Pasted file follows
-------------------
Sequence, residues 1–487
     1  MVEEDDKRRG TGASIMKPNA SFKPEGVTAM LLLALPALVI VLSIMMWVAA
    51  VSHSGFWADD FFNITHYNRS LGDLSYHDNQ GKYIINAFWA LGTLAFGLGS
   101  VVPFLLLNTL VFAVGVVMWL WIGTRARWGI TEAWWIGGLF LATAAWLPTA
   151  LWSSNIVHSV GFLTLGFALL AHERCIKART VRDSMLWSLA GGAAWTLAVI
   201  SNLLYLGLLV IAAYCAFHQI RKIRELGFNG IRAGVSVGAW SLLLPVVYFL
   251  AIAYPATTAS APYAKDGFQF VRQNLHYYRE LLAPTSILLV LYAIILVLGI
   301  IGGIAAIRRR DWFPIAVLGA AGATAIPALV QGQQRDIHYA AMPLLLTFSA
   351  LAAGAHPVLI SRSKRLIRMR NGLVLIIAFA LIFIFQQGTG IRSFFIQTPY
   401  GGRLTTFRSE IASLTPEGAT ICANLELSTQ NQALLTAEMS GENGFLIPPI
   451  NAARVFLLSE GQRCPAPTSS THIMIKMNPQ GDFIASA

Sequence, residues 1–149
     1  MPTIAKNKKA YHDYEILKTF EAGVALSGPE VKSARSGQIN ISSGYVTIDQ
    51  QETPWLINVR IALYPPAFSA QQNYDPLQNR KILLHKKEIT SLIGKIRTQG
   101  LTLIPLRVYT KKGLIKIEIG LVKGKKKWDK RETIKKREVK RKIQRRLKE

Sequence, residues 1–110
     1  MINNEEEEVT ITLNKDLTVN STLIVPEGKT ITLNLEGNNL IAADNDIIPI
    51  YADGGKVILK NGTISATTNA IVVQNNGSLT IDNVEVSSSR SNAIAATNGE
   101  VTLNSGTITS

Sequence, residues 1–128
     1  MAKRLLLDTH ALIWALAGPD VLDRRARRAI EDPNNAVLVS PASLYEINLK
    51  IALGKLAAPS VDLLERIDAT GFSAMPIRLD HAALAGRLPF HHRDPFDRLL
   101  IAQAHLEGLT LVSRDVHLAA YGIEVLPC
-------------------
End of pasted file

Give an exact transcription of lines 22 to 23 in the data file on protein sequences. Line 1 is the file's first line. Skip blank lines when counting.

    51  IALGKLAAPS VDLLERIDAT GFSAMPIRLD HAALAGRLPF HHRDPFDRLL
   101  IAQAHLEGLT LVSRDVHLAA YGIEVLPC